Reptili Guide to Mastering Snake Handling
Welcome to our guide on mastering snake handling. Discover essential tips for safely interacting with these incredible reptiles and gain the confidence to become a skilled snake handler. Dive into the world of serpents and learn the ropes with us.
Welcome to our guide on mastering snake handling. Whether you're a seasoned snake enthusiast or a beginner looking to explore the fascinating world of these reptiles, you've come to the right place. We'll provide you with valuable insights, tips, and best practices to ensure safe and confident snake handling. Our goal is to empower you with the knowledge and skills necessary to build a strong connection with these remarkable creatures while prioritising their welfare and your safety. So, let's slither into the world of snake handling together, and you'll soon discover the beauty and wonder these serpents bring to our lives.
Understanding Snake behaviour
What are the key behaviours of snakes?
Snakes may adopt a primary defensive posture by coiling their bodies into an 'S' shape, indicating their readiness to defend themselves if necessary. This coiled position provides them with the flexibility to lunge forward at potential threats or prey.
Additionally, snakes might resort to tail rattling or hissing when they feel scared or threatened. These actions often precede the main defensive 'S' shape posture.
It's important to note that the behaviours mentioned above can also be observed before a snake strikes at its offered prey. Another common behaviour is frequent tongue flicking, which allows the snake to detect and prepare to strike at its prey.
Resting and Basking:
Snakes often spend time resting and basking in warm spots to regulate their body temperature.
Hunting and Feeding:
Snakes are carnivorous and use their keen sense of smell and heat-sensing pits to locate and capture prey. They may strike swiftly to immobilise and consume their prey whole.
Slithering and Climbing:
Snakes are excellent climbers and can move gracefully through a variety of terrains. They use their muscular bodies and scales to navigate and climb trees, rocks, and other surfaces.
Snakes shed their skin periodically to accommodate growth. This process, known as ecdysis, is essential for maintaining a healthy skin and body.
Some snake species are proficient burrowers, digging tunnels in the ground or seeking refuge in pre-existing burrows.
Mating and Reproduction:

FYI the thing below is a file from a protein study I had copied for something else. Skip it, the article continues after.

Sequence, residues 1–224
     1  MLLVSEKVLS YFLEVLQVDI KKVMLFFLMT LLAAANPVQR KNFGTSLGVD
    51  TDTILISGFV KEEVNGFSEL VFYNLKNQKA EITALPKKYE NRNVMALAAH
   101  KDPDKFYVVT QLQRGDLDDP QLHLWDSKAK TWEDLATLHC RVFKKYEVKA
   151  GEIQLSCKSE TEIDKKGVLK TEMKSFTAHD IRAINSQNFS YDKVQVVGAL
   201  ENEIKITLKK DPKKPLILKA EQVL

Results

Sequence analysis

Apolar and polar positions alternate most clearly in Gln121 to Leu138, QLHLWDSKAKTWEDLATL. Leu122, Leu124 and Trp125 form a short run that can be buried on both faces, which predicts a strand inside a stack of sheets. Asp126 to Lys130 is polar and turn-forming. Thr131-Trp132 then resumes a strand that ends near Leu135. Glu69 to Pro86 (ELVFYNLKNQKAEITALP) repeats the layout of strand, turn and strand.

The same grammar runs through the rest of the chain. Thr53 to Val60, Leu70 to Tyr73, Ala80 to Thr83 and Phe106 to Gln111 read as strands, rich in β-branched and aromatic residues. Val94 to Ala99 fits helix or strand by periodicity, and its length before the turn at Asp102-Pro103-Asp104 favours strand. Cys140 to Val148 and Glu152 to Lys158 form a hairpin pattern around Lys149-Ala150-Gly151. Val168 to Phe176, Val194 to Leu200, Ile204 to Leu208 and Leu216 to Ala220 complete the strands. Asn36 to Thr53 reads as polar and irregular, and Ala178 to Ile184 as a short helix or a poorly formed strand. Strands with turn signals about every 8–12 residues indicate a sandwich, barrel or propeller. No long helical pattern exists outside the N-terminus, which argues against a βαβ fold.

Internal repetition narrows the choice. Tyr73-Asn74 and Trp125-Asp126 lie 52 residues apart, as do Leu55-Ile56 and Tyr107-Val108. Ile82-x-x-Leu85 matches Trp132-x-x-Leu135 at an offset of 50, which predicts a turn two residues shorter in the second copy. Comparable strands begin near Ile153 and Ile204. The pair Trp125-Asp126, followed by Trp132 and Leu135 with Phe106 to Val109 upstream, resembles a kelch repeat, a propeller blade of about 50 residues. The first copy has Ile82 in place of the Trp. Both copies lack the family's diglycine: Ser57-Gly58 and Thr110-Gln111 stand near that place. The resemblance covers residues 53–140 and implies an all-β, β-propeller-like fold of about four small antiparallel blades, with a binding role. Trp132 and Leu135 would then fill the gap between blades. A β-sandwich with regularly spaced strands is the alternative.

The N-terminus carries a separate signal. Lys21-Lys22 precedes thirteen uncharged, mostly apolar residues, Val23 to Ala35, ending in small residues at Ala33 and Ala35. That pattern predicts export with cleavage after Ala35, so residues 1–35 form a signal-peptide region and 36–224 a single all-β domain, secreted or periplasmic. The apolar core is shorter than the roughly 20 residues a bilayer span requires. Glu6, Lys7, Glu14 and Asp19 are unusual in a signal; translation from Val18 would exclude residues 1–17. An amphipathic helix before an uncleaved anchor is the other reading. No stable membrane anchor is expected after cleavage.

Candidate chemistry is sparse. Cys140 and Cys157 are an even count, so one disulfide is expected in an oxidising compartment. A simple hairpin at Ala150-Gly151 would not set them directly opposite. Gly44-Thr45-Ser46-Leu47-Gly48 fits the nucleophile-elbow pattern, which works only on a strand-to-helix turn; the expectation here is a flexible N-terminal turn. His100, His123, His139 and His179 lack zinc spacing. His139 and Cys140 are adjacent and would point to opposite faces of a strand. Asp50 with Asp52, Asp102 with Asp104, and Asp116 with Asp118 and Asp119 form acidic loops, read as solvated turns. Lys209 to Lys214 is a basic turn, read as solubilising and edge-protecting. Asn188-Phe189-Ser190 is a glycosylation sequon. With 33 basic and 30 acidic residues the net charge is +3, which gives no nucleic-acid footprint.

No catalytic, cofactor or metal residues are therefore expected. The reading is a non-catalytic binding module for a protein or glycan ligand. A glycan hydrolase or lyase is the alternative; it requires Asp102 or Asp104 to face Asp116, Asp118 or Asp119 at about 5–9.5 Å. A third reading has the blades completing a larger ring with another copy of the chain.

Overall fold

During the breeding season, male snakes may engage in courtship behaviours, such as combat or pursuing females. Female snakes lay eggs or give birth to live young, depending on the species.
Hibernation or Brumation:
In colder climates, some snakes hibernate or enter brumation during the winter months to conserve energy and survive colder temperatures.
Exploring and Scouting:
Snakes are curious creatures and may explore their surroundings, especially when searching for food or new shelter.
Signs of Distress:
Signs of distress in snakes may include prolonged periods of gazing upwards, constant movement within their enclosure, and repeatedly bumping into the glass in an attempt to escape.
If you ever notice any unusual behaviour in your snake, it is advisable to seek guidance and assistance from a qualified exotic veterinarian. Your snake's well-being is our top priority.
How do snakes communicate?
Snakes employ various methods of communication depending on the situation they encounter. These fascinating creatures utilize the following communication techniques.
Snakes release pheromones that are specific to their species. These chemical signals are often used to mark territory or to attract potential mates. Pheromones are excreted through their skin and can be carried by the breeze, making them airborne. Snakes detect these pheromones by flicking their tongues through the air. The specialised organ in their mouth, known as the vomeronasal organ or Jacobson organ, plays a crucial role in analyzing these scent particles. It helps the snake determine whether the scent is from a potential rival or a potential mate.
Hissing and Vibrations:
Hissing and vibrations are typically employed by snakes as a warning to potential predators. Snakes may audibly hiss by expelling air through their glottis in an attempt to deter would-be threats. Vibrations can also be created by a snake rapidly coiling its body or by vibrating the end of its tail on the ground. These actions not only serve to ward off predators but also communicate to other snakes in the vicinity.
Biting and Aggressive Lunging (Striking):
Biting and aggressive lunging are considered a last resort when other communication methods fail. In many cases, simply lunging or striking is enough to drive away potential threats. Snakes coil their bodies, extending their length, and lunge forward as a warning or aggressive gesture, often mimicking a biting action. While bites are generally quick, they are unlikely to be prolonged unless the snake is capturing prey.
Understanding these communication methods helps us appreciate the complex and intriguing ways in which snakes interact with their environment and one another.
Essential Tools for Safe Handling
What tools do I need for safe snake handling?
When it comes to safely handling a snake, it's important to have the right tools at your disposal. One of the most valuable tools for snake enthusiasts is a Snake Hook. This tool allows you to easily and safely remove the snake from its enclosure for maintenance or vet check-ups. It's essential to choose a sturdy snake hook with an appropriate length to maintain a safe distance between yourself and the snake, especially when handling adult snakes. By holding the tail end of the snake with the hook and keeping its head section away from you, you can manoeuvre the snake effectively with minimal stress.
If your snake requires a vet check-up, consider using a snake bag. These bags are typically made of 100% cotton and feature a drawstring closure to securely contain the snake, preventing any chances of escape. The bag provides a dark and snug environment that helps the snake feel safe and secure, reducing stress. Snake bags also come in handy when conducting enclosure maintenance and you need to temporarily relocate the snake.
For added protection, especially when dealing with a defensive snake, snake gloves are a valuable addition to your handling toolkit. These leather gloves are designed to prevent snake bites from penetrating your skin, ensuring your safety during handling sessions.
Additional Tools below you could add to your tool kit:
Tongs or Forceps: